I ran three Spartan Races last year, ending with a 4th place at the World Championships in Killington, VT. While I thoroughly enjoyed the races, I still prefer FKT’s and traditional trail races most of the time. With my schedule this fall I wasn’t able to get to the two shorter races I did last year before deciding at the last minute to return to Killington. I couldn’t do the Beast Championship on Saturday due to a conference, but I could get up there for the Ultra Beast on Sunday, which I had thought would suit my ultrarunning background. Last year the Beast was won by Cody Moat in 2:45, which really involved about 2 hours of very hard running and 45 minutes of obstacles. In terms of running, I’ve been training more for longer races, so I probably would have been better off in the 7 hour Ultra Beast last year. I had a good run at the Wapack Trail Race and managed to reclaim the FKT for the Presidential Traverse in the month leading up to the race this year which indicated that I was in decent mountain shape. That was the thinking. Then I heard that Hobie Call won the Beast in 3:35, which meant that the Ultra Beast was going to be over 8 hours at least. With a forecast that looked like it would be a day of cold rain, I almost bailed before the start. Although this sounds strange, I do these things for fun, and running around all day while hypothermic is not my idea of fun. I wasn’t sure about 8 hours of obstacles in any conditions.
I showed up at the start, getting all sorts of looks with only shorts, a waistpack, and my Orocs. I just don’t see the point of wearing something that is going to hold cold water on you, unless it’s a wetsuit. We were soon off up the mountain, and a few runners sprinted away, but it was a generally mellow start. I slowly worked my way up, and by the time we got to the steep climbing, I moved into the lead and was hiking away from the field. That first climb was about 1600′ up a very steep ski trail that was rough on the lower legs. Not surprisingly, the first downhill was an even steeper bushwack through scrub forest separating the ski trails. The fact that it had been broken by the Beast runners the day before made it better and worse. There was somewhat of a path, but more like a vertical muddy slip and slide with trees, rocks, stumps, roots, streams, and branches to dodge. I was literally smiling at my choice of inov-8 Orocs for the race, they were perfect for that kind of terrain. They did make me a bit over confident, though, and I started to descend at a rate where if things went wrong, I would be in serious trouble. I was literally skiing down sections of mud that were a 30% grade. My water bottle was saving my ass on the few falls I did take, although on one 20′ slide I was forced to roll over to grab something to finally stop myself. That descent made my desperate run down the end of the Crawford path during my Presidential Traverse FKT look like a stroll in the park, and the race was just starting.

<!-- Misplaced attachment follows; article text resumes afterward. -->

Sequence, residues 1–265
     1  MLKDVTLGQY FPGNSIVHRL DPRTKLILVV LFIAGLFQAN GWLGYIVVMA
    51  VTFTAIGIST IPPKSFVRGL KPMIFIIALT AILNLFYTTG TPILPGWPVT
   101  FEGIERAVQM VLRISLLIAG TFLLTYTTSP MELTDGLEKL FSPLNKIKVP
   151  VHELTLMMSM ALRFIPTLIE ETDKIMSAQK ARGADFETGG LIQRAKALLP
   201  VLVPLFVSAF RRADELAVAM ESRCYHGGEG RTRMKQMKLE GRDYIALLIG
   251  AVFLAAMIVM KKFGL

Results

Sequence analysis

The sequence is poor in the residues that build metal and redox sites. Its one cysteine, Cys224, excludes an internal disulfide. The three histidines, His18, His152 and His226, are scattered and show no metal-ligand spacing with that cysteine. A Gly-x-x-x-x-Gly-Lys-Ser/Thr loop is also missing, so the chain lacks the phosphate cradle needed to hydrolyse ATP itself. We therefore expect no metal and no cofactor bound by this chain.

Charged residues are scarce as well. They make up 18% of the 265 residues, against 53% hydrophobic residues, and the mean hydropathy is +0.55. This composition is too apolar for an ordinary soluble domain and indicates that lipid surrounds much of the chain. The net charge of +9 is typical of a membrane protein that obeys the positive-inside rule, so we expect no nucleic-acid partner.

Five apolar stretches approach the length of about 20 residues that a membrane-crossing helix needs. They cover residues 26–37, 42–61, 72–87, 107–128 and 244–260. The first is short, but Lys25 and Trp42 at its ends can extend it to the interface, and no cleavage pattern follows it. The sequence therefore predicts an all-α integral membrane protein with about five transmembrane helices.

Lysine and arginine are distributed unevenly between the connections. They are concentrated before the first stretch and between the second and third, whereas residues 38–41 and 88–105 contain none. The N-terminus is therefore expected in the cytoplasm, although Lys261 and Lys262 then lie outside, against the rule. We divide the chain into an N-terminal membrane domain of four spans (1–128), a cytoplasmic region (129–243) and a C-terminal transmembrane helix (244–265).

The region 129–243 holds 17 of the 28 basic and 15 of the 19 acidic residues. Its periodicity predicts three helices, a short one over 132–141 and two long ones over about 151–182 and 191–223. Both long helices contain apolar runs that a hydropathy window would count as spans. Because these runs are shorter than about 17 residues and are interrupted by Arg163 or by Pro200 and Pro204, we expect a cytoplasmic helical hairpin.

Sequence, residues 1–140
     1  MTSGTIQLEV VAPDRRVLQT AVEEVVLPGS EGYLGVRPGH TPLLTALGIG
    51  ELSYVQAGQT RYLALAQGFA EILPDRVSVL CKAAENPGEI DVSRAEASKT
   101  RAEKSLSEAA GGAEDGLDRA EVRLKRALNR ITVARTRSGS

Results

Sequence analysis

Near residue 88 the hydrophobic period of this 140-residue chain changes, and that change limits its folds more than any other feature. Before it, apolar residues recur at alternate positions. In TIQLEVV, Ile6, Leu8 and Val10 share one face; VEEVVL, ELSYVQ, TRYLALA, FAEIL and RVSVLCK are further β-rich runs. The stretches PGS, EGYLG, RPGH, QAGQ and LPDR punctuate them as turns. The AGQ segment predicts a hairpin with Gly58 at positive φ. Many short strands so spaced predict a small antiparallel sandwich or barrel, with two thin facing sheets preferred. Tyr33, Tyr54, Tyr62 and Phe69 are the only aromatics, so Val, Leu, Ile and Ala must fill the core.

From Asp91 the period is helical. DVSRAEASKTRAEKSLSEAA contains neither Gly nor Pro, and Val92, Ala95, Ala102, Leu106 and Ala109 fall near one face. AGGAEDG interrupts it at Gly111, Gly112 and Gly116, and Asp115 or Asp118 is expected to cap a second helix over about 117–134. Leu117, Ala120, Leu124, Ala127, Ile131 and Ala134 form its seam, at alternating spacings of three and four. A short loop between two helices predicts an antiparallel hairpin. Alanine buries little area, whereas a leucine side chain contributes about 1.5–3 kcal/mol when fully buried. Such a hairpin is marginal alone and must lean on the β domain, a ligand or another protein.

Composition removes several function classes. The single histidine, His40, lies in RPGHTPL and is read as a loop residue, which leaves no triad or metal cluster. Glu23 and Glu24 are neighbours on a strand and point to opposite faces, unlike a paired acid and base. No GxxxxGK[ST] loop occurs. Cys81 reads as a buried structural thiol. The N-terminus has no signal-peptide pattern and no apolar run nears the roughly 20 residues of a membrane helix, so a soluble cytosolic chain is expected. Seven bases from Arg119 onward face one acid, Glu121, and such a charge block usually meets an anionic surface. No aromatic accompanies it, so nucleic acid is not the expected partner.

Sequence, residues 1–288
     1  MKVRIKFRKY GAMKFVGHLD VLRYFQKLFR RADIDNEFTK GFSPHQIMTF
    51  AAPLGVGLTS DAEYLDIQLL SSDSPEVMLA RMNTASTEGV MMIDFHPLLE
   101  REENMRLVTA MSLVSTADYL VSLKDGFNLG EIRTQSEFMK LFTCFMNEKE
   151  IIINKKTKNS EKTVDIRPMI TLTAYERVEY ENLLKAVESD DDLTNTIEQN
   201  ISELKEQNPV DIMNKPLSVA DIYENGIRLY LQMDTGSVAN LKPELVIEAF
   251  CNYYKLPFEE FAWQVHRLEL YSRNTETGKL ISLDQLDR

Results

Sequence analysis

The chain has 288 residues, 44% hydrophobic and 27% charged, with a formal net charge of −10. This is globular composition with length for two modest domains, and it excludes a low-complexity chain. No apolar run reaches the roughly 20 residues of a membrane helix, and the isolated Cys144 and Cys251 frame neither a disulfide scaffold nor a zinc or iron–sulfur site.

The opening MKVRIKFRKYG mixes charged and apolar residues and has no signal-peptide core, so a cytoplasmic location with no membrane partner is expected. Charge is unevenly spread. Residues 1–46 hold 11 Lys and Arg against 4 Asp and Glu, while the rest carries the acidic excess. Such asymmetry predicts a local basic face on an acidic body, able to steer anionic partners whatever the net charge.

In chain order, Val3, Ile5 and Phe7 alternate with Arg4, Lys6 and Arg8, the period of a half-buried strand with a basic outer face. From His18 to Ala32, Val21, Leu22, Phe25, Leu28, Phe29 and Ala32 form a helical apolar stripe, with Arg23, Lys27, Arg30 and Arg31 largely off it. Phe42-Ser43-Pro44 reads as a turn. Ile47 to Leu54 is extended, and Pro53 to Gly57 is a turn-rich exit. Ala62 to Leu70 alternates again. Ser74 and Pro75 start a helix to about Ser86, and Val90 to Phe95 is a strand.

There was another steep climb and muddy descent after that first trip, and then we came to the first major obstacle, the 60lb sandbag carry. I could see I had a decent lead, with several runners close together in a chase pack. The Orocs once again did great; I didn’t slip at all on the greasy climb up the ski slope. Usually these type of carries are 100-300′ climbs, but this one, with a sandbag that weighs about half my weight, went 500′ up the mountain. My luck ran out on the trip back down, where I fell 3 times. Falling with a 60lb bag of sand on your shoulder does funny things to your spine, and they are not good. I could tell this was going to be a long day. Again, right after that carry, they sent us up the mountain to the five mile point where the Ultra Beast separated from the Beast course. This is where the mile markers ended, and we entered a Twilight Zone of minimally marked foggy trails.
The next section consisted of some nice singletrack broken up by bushwacks until we reached the start of a very long ski trail that wound its way down the mountain. It was a fast downhill, but I held back a bit to save my quads for the rest of the day. I was pleasantly surprised to find so much good running. Grassy ski trails are usually very uneven and annoying to run on, but this trail was relatively smooth with short grass. As the trail approached the base we had to negotiate two barbed wire sections. The first one was moderately long, but I was able to roll through it quickly. Too quickly, as I was so dizzy when I got up I almost ran sideways into the trees! The second section over a wood bridge was more awkward, requiring me to roll over railroad ties under very low wire. At the bottom of the descent, they sent us right back up through the trees for another 1k climb. Apparently I missed some sort of markings after the top, as I followed a sign that point down to the base lodge where our drop bags were. They acted surprised to see me, but I’m wondering if this was some sort of game. After doing my 30 burpees for missing the spear throw, I had to do 30 more to get into my drop bag, which they said was early. I have a pretty good sense of distance after 20 years of trail running, and I was pretty sure we were around the 13 mile point and were supposed to have access to our bags. Spartan staff were yelling various things, possibly in an attempt to discourage or intimidate me, but my only concern was with covering ground.
After picking up a bottle of Gatorade, I then started to get to obstacles that should have been easy, but not at Killington this year. I saw that Junyong Pak was catching me on the double leg hop, and then we got to a set of monkey bars that I had no chance on with my short arm span and lack of hand strength. Pak cruised through it, passed me, and took off. He climbed well on the next 500′ hill and I couldn’t see him as we cruised down more easy ski trails. When I went to get my bag of S-Caps out of my pack, I realized that they must have been crushed in an earlier fall, and pond water had gotten into the bag. I made one attempt to salvage the cocaine-like remnants. I was concerned about ingesting the water in the bag, so that was it for my emergency electrolytes; not good. I managed to get close to Pak on the following bushwack climb, but he was moving too well for me to pass, especially through the flatter sections.